las, small size and inherent fiber optic beam delivery are a few of the advantages for medical applications.
Dr. Carl Crossland and Gavin Frith, Nufern
The use of lasers as medical instruments has increased dramatically in recent years because of the growing acceptance and efficacy of laser procedures as an alternative to traditional surgeries. A recent market report by Frost & Sullivan, a research firm in London, predicts that the European market for medical lasers will nearly triple by 2013 to approximately $862 million US with ophthalmic, aesthetic, cardiovascular and urologic applications driving the growth.
In contrast to traditional surgery, fiber optic-delivered lasers can perform minimally invasive procedures. By selecting the appropriate wavelength, lasers can target specific molecules within tissue, such as hemoglobin, melanin or water. Controlling the intensity and duration of the laser output allows the surgeon to deliver the most appropriate amount of energy to achieve the desired effect. Because lasers offer such flexibility in these areas, they have gained widespread acceptance for use in lasik eye surgery, as a surgical tool for soft-tissue cutting and cauterization, in calculus removal in dentistry, in the ablation and dissolution of varicose veins, in kidney stone fragmentation and for the treatment of benign prostatic hyper-plasia.
Figure 1. This cross section shows a fiber with a pedestal design. Multimode laser energy at 793 nm is pumped into silica cladding (A). Thulium ions in the core convert each pump photon into two signal photons at 2000 nm (B). Signal beam is diffraction-limited because of the pedestal design (C).
Fiber lasers offer several advantages over other types for use in medical procedures, including smaller size, higher efficiency, superior beam quality, inherent fiber optic beam delivery and the potential for air-cooled operation. The most common fiber lasers are made from ytterbium-doped fiber, but because they operate in the 1-μm-wavelength region, their use has been limited primarily to materials processing applications. Recent advances in thulium-doped fiber technology have enabled manufacture of lasers in the 2-μm region that can deliver high CW power. Power levels exceeding 100 W are now achievable, and because of the broad emission spectrum of thulium-doped fiber, the lasers can be tuned to a particular wavelength within the 1900- to 2100-nm range. This range overlaps with a strong molecular water absorption peak and may therefore offer doctors the ability to “tune on” or “tune off” the peak, depending on the application and the depth that they require the laser energy to penetrate.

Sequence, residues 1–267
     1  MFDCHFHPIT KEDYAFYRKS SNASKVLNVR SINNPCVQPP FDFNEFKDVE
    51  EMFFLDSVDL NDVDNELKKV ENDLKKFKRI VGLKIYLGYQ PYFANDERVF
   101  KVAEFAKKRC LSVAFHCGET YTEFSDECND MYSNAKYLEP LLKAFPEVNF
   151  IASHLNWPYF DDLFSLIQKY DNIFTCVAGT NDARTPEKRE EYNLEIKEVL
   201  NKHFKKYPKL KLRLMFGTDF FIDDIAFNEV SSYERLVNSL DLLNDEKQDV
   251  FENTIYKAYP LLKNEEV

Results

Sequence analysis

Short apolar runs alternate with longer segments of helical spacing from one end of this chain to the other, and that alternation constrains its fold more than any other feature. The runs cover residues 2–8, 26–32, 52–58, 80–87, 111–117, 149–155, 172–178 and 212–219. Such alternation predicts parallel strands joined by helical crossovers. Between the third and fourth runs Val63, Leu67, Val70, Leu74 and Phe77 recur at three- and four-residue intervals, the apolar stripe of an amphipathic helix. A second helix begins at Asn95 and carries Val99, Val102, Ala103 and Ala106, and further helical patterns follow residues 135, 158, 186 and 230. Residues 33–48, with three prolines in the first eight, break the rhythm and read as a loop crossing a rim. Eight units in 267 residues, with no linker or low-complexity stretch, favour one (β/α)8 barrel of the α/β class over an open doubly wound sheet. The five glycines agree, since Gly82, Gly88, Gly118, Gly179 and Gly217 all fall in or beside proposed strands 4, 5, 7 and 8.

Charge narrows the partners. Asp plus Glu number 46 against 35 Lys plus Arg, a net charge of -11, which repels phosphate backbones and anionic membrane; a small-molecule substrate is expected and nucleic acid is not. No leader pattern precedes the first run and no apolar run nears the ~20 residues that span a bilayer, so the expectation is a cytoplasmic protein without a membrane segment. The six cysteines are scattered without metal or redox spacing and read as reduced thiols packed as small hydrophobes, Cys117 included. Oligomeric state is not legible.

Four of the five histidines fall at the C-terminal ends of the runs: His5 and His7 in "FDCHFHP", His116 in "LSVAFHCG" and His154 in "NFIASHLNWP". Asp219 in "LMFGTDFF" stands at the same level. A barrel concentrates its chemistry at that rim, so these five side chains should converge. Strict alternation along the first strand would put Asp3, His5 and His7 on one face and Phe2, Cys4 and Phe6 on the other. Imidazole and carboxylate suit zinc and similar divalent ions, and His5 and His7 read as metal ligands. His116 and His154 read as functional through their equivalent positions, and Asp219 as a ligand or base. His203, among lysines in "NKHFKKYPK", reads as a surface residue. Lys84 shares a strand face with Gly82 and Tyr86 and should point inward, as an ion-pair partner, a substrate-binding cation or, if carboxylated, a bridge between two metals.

Figure 2. On the left is a multimode beam with low, poorly focused beam quality. On the right is a diffraction-limited beam that has high beam quality.
For high-power operation, Nufern engineers have designed a laser around a thulium-doped silica fiber with a 25-μm-diameter core and a 400-μm-diameter inner cladding. The fiber contains a unique raised inner cladding pedestal to provide a low (~0.1) numerical aperture between the core and the pedestal (Figure 1). By controlling the numerical aperture in this way, the fiber produces near-diffraction-limited beam quality, which allows a surgeon to focus the laser output with great precision (Figure 2).
Bragg gratings were spliced to the active thulium-doped fiber to create the laser cavity and to provide fixed wavelength operation. To yield output at 2 μm, the fiber was pumped with 200 W of 793-nm energy. The fiber’s relatively high thulium concentration produced a cross-relaxation effect whereby one pump photon yields two signal photons. This effect allowed the fiber to yield an overall optical conversion efficiency reaching 59 percent (Figure 3).
Figure 3. Fiber with a relatively high thulium concentration yields an overall optical conversion efficiency of ∼60 percent.
The emerging thulium-doped fiber laser technology may offer an effective approach to surgeons and doctors looking to control the energy absorption of water within tissue. Their high efficiency, small size and inherent fiber optic beam delivery make them a potentially attractive tool in the growing field of medical lasers.
Meet the authors
Gavin Frith is a senior engineer, and Carl Crossland is a product manager at Nufern Inc. in East Granby, Conn.; e-mail: firstname.lastname@example.org.